Beginning on July 10, 1940, the Nazis attempted to overcome British defenses with a massive aerial attack on England in advance of a planned invasion. But over the course of three months, the World War II engagement known as the Battle of Britain not only beat back the Luftwaffe (which was, in 1940, the largest air force in the world) but also demonstrated the superiority of British fighter aircraft and the determination of RAF pilots and crews (which hailed from across the Commonwealth and occupied Europe).
Left: A Hurricane Mk I from the Battle of Britain Memorial Flight at Biggin Hill Airfield is pictured in this 2010 file photo.
Victory Through Air Power
The Battle of Britain was the first major campaign to be fought primarily in the air. Germany's failure to achieve air superiority against the RAF proved to be the Nazis' first major setback in the war.
A Hawker Hurricane, which was one of the two main fighter classes used by the RAF.
Britain's air defense network (a series of "groups") was able to detect incoming German aircraft and scramble fighters in response.
A 19th squadron Spitfire. One of the most famous aircraft ever built, a total of 1,583 Spitfires were built during World War II.
Spitfire Mk Vb
A Spitfire Mk Vb from the Battle of Britain Memorial Flight flies over Biggin Hill Airfield on August 20, 2010 in London, England.
Defiants, 264th Squadron.
The RAF's Fighter Command sported an international contingent of pilots from across the British Commonwealth as well as occupied Europe. Some pilots hailed from France, Belgium, Poland and Czechoslovakia. One Czech pilot, Josef Frantisek, part of a squadron of Polish fliers, claimed 126 kills during the Battle of Britain.
Spitfire Mk Ia
A Supermarine Spitfire Mk Ia, 602 Squadron.
To some, the Gloster Gladiator may have seemed like a holdover from an earlier generation of fighter aircraft. But the Gladiator served an important purpose, bridging a gap between Britain's older biplanes and more modern monoplanes that were still in development.
The commander-in-chief of the Luftwaffe, Hermann Göring, promised Hitler that the air attack against England, code-named Operation Eagle, would force British Prime Minister Winston Churchill to surrender.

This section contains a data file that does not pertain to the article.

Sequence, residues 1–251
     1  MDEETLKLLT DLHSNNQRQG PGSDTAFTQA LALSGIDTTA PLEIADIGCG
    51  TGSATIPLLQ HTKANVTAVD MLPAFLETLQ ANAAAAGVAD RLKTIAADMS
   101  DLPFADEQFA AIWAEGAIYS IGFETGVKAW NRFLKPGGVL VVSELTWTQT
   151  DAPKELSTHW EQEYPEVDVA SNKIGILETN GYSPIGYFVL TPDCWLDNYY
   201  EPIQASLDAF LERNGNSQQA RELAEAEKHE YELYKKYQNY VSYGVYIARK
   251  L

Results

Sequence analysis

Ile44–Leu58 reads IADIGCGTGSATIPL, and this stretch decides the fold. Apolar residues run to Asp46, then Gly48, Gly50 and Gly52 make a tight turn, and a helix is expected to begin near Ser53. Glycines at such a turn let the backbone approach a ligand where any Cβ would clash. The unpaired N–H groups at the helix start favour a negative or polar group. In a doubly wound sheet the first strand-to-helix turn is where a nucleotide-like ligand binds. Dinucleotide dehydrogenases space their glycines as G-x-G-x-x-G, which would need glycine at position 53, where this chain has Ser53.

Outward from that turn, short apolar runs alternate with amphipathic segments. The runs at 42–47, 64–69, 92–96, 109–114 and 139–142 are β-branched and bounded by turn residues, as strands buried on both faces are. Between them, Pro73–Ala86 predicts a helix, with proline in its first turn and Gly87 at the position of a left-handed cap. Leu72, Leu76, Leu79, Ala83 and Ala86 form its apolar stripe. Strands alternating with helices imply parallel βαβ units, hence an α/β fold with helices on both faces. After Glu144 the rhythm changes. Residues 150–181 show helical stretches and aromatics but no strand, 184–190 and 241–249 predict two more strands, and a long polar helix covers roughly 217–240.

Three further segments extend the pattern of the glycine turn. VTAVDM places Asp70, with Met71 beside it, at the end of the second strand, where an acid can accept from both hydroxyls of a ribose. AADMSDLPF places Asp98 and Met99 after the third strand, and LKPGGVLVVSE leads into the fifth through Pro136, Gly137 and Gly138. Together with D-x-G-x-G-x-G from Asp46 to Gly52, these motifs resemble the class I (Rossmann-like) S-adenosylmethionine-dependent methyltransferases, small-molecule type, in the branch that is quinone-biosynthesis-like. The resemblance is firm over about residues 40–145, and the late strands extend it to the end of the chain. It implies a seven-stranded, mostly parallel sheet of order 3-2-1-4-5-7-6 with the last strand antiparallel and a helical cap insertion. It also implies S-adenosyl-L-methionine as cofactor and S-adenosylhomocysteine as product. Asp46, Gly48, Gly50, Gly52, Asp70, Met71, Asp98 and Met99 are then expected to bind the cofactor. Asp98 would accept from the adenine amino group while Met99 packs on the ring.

The Luftwaffe launched its attack on Britain on July 10, 1940, beginning with the bombing of targets along the British coast and in the English Channel. Despite some damage inflicted upon Britain's air defenses, German losses were heavy and became increasingly unsustainable as the campaign worse on.
Left: German Heinkels flying a sortie over the English Channel.
The Heinkel 111 is said to have originally been designed as a fast mail and passenger aircraft for Lufthansa. The early versions of aircraft were used by the Nazis to aid Franco's rebels during the Spanish Civil War. It later saw its first major use during the invasion of France in 1940.
But during the Battle of Britain, it was hampered by inadequate firepower when attacked. (The plane also suffered from relatively low speed and poor maneuverability.) In its later versions, the plane's distinctive "greenhouse" nose made it the most easily-recognized planes sent into battle by the Luftwaffe.
The German Messerschmitt 109 rates as one of the first modern fighter planes. The 109 version became the workhorse of the Luftwaffe at the start of the war and it filled a number of roles - from bomber escort to ground attack. Nearly 34,000 units were built, the most of any aircraft during the war.
Left: Germany's Dornier 17, which was originally conceived as a passenger aircraft, could fly at speeds of up to 248 mph. Prior to the Battle of Britain, the aircraft saw service in the Spanish Civil War and earned the sobriquet the "flying pencil" because of its thin, "pencil" fuselage.